North County Outlook - Community newspaper serving Marysville, Arlington, Tulalip, Smokey Point, Lakewood

Arlington relay participants help fight cancer


Caregivers: As co-chair of the Relay for Life Kim Deisher-Allen talks about caregivers before the relay an Arlington cheer team holds up their letters for support at the Arlington Relay for Life on June 22.

Locals came out to the 24-hour long relay to help raise money to prevent cancer at Arlington’s Relay for Life, which began on June 22.

As the Relay approached, Arlington teams had raised more than $150,000, coming close to $1 million raised in the last four years. The Relay for Life program is a fundraiser for the American Cancer Society.

The Marysville-Tulalip Relay for Life takes place next weekend, June 29-30, at Asbery Field in Marysville.

Many of the Arlington participants were there because cancer has personally invaded their lives.

Erin Lewis vowed she would participate in this year’s Relay after her son was involved in it last year, but she didn’t know she would be walking this year as a cancer survivor.

Lewis is a mother who worked regularly into the early hours of the morning, but her entire world was uprooted when, after some routine tests, doctors discovered breast cancer.

“In less than an hour my whole world turned upside down. Now what? I quietly left, called my husband, and what do you say? ‘Hey honey, I have breast cancer,’” she said.

The experience has taught her some things, though.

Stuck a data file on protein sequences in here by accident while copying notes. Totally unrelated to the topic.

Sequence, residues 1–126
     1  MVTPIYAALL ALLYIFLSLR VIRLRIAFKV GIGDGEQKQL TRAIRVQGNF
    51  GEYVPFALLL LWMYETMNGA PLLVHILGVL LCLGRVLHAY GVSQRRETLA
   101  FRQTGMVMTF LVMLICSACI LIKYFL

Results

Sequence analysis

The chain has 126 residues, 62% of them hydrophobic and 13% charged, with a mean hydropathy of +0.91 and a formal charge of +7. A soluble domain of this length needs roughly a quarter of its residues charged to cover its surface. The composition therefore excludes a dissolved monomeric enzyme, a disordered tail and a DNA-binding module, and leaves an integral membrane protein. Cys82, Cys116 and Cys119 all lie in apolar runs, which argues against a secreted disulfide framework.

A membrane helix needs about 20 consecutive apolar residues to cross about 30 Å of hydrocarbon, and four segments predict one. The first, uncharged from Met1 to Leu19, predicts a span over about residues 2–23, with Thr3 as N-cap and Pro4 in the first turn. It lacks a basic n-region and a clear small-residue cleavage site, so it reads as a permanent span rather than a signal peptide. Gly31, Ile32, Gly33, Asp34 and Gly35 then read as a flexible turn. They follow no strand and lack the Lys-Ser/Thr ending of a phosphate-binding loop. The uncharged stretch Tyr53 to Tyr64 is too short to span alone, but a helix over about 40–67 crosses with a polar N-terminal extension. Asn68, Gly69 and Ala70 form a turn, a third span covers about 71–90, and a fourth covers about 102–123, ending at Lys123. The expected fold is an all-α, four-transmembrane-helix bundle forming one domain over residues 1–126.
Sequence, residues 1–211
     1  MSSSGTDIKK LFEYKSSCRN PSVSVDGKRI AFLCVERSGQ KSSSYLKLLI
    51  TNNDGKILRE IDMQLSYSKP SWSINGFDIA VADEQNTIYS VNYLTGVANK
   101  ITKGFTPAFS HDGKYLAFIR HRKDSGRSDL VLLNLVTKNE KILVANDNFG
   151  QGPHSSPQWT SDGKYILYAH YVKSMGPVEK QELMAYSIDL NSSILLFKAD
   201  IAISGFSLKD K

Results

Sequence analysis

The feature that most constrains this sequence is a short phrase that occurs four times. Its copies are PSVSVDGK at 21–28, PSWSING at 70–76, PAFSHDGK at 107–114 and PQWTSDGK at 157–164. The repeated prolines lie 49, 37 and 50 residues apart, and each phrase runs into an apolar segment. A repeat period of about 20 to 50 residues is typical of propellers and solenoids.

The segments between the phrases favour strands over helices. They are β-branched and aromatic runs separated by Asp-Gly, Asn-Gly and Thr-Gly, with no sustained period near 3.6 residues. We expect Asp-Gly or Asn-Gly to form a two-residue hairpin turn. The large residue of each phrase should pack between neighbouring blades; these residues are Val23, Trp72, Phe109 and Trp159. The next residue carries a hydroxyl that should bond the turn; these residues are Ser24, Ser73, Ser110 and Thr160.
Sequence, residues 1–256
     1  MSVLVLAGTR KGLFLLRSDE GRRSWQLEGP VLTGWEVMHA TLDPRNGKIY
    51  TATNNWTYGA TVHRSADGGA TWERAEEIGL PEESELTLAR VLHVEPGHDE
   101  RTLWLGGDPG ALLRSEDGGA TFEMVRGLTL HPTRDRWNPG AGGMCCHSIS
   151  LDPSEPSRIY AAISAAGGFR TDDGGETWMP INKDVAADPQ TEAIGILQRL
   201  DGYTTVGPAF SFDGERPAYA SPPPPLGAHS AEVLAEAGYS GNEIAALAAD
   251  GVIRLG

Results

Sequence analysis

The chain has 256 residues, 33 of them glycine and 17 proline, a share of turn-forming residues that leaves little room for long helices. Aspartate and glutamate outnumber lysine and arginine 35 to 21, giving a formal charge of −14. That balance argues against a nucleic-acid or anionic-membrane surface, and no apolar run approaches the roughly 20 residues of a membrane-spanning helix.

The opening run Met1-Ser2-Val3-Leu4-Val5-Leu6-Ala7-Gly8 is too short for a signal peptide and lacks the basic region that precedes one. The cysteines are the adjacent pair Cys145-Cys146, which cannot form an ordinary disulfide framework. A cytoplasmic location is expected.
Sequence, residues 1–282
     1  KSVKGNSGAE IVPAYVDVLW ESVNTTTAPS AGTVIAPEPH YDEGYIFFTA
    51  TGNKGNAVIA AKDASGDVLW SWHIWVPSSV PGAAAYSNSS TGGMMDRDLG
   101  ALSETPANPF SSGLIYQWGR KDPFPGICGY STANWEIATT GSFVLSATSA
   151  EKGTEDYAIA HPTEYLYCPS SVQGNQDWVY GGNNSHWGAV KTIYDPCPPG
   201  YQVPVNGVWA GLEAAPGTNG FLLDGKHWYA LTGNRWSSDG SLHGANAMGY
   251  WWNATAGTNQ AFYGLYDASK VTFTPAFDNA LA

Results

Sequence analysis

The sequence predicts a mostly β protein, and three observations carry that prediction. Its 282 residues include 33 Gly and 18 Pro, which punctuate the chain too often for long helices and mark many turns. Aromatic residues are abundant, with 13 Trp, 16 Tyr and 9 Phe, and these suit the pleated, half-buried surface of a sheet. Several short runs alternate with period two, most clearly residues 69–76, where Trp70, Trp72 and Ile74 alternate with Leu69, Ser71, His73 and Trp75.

“I know a year ago I would’ve listened to the speakers [at Relay for Life], been moved at the time and scurried back to my crazy life, overwhelmed by my job. It took cancer for me to finally step up and take note,” she said.

Other Relay participants were there because of a loved one who has died of cancer or is still fighting the disease.

The father of Kim Deisher-Allen, an Eagle Creek Elementary teacher and co-chair of this year’s relay, was diagnosed with stage 4 glioblastoma, the most common type of brain cancer, in January 2009. The doctors gave him an estimate of three months to live but he fought for another 26 months.

“He was tired and easily irritated, and because it was in the memory portion of his brain he faltered with everyday names and routines… even though being a caregiver got so hard that I felt like I could not do it for one more minute, I would do it all over again,” she said.

Cancer survivors and other Relay for Life participants walk around the Arlington High School track on the first lap of relay, the survivor lap, on June 22.

She hopes to support other caregivers by being part of this year’s Relay.

“I Relay because when I cared for my dad I was all alone,” she said. “I didn’t know about programs like Road to Recovery or hotlines that I could’ve called in the middle of the night when I needed help. I Relay because I want people to have that information.”

Announcer for the event and radio host Maury Eskenazi said the long, tiring Relay is a metaphor for cancer treatment: “Relay for Life starts one evening and ends the next morning. The light and darkness of the day and night parallel the physical effects, emotional effects and mental states of cancer patients while undergoing treatment. The sun rising represents the end of treatment when cancer patients get their last treatment. Just as you are exhausted so are they after treatment, but a new day is ahead.”


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